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Ian Robert Maxwell (born Ján Ludvík Hyman Binyamin Hoch; 10 June 1923 – 5 November 1991) was a British media proprietor, Member of Parliament (MP), suspected spy, and fraudster. Originally from Czechoslovakia, Maxwell rose from poverty to build an extensive publishing empire. After his death, huge discrepancies in his companies' finances were revealed, including his fraudulent misappropriation of the Mirror Group pension fund.
Early in his life, Maxwell, an Orthodox Jew, escaped from Nazi occupation, joined the Czechoslovak Army in exile during World War II and was decorated after active service in the British Army. In subsequent years he worked in publishing, building up Pergamon Press to a major publishing house. After six years as a Labour MP during the 1960s, Maxwell again put all his energy into business, successively buying the British Printing Corporation, Mirror Group Newspapers and Macmillan Publishers, among other publishing companies.
Maxwell had a flamboyant lifestyle, living in Headington Hill Hall in Oxford, from which he often flew in his helicopter, or his luxury yacht, the Lady Ghislaine. He was litigious and often embroiled in controversy. In 1989, Maxwell had to sell successful businesses, including Pergamon Press, to cover some of his debts. In 1991, his body was discovered floating in the Atlantic Ocean, having apparently fallen overboard from his yacht. He was buried in Jerusalem.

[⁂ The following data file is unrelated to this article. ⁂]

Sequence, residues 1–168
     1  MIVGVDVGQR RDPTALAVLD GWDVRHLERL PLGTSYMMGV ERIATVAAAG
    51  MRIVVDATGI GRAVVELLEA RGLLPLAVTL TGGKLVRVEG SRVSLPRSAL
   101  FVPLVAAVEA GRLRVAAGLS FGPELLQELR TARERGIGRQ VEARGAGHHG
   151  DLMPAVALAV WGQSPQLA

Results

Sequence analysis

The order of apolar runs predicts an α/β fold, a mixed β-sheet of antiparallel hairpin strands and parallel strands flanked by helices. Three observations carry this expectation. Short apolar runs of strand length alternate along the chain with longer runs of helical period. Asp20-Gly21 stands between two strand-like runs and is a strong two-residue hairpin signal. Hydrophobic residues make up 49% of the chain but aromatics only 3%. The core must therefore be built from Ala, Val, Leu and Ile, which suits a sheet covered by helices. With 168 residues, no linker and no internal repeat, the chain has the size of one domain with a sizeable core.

Maxwell's death triggered the collapse of his publishing empire as banks called in loans. His sons briefly attempted to keep the business together, but failed as the news emerged that the elder Maxwell had stolen hundreds of millions of pounds from his own companies' pension funds. The Maxwell companies applied for bankruptcy protection in 1992.